Justin Bieber's haircut and the dark side of Google Trends
Want a picture of Justin Bieber's haircut?
I have one. But, please, before you scroll down to look, take a moment to reconsider your life.
If you got to this article from Google, I hope you're ashamed. You are making us all look bad.
For many years, we as a society could walk past the aisle of Stupid Pop Culture Things and say, "Hey, that's not my fault!" When we passed magazines with giant images of Pamela Anderson in four dimensions, or bold, colorful tabloids explaining the Cruise divorce, we scoffed. "I am not interested in this," we would say. "Those things are for the Other People."
No more. Google Trends shows our national seamy underbelly.
At no point in the past twelve months did our interest (as gauged by Google searches) in health-care reform exceed our interest in Lady Gaga. It's hard to blame us - like health-care reform, Lady Gaga is known for futuristic numbers, being controversial in the Midwest, and wanting to make exceptions for conditions you were born with. Unlike health-care reform, she sometimes shows up places dressed as breakfast, and we are pretty sure she won't kill our grandmothers.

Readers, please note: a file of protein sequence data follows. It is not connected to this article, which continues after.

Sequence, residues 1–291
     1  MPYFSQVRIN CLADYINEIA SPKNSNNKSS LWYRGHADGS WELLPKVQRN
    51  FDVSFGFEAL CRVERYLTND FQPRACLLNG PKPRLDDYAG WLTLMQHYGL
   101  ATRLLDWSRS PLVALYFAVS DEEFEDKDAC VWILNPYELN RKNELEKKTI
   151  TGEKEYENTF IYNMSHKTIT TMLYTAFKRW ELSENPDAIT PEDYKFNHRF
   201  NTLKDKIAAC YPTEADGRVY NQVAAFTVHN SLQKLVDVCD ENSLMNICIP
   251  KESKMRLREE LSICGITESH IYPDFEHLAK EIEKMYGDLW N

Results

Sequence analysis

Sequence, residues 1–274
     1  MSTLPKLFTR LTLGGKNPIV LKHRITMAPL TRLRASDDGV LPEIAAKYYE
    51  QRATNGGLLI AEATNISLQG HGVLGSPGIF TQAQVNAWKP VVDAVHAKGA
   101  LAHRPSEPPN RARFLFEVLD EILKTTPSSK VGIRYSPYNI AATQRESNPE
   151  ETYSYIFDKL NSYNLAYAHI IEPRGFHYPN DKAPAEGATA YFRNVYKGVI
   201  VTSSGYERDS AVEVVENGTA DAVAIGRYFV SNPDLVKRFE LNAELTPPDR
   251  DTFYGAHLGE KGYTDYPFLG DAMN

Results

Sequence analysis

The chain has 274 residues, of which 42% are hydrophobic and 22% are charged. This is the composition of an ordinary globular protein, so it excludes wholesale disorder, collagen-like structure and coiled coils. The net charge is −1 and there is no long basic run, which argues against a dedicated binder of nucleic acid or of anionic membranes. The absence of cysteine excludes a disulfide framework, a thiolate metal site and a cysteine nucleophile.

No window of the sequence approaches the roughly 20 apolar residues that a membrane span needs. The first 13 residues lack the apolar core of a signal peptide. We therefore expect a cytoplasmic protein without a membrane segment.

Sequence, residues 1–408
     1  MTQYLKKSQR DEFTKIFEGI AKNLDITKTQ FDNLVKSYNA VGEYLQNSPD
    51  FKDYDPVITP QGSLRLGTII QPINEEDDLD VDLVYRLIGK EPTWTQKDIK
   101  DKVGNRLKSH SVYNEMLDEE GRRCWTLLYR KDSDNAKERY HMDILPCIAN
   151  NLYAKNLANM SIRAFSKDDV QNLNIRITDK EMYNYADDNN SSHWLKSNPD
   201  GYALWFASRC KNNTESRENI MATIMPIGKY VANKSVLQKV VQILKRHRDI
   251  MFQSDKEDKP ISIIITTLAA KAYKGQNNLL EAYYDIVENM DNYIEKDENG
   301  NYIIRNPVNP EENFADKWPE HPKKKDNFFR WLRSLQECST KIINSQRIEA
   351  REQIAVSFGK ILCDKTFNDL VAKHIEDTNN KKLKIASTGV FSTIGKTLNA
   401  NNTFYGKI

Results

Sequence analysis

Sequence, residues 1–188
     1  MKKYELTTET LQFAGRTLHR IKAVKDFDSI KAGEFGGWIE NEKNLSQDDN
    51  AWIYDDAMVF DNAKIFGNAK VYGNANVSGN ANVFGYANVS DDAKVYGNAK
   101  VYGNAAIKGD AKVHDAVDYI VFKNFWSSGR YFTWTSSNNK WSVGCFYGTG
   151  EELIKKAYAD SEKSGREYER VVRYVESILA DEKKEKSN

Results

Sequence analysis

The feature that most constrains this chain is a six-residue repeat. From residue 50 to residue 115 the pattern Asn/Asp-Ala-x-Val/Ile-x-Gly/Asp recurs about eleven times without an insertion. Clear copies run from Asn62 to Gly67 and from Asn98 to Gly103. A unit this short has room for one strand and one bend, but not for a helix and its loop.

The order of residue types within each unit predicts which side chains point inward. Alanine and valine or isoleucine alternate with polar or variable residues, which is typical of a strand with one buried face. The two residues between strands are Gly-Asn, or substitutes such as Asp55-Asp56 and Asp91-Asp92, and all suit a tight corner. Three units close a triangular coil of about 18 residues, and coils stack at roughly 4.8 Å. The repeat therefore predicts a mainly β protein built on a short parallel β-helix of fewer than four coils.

But we're also more interested in Justin Bieber than in Barack Obama. True, they have much in common -- both wrote memoirs, some people think both of them were not born here, and neither produces music I can listen to. But really? One of them is President of the United States. The other one is a sixteen year-old from Canada who is managed by a man on a segway.
Kanye West is more interesting to us than Hillary Clinton -- at least we Google him more. For this I cannot blame us. Sometimes Hillary changes her hair, but she has never replaced her bottom teeth with diamonds. Wake me when this happens.
We understand that important things are happening. "We would have Googled Qadafi," we pleaded, "but we have no idea how to spell it." Even if we could spell it, we're more likely to look up Glee. "After all, this Google search won't make history," we insist. True, but it might make browser history. And anyone who doubts the power of a single individual to change history should remember that -- thanks to the isolated acts of individuals -- more people right now are hunting for Bieber's haircut than for the Chicago mayoral election. And we are misspelling it.
A question everyone has asked himself about every article of news today: is this more interesting than Justin Bieber's haircut?
Millions of people have said, "No."
There's the haircut. I hope you're happy.
| February 22, 2011; 5:44 PM ET
Categories: Epic Failures, Only on the Internet, Petri | Tags: America, Google, argh, justin bieber
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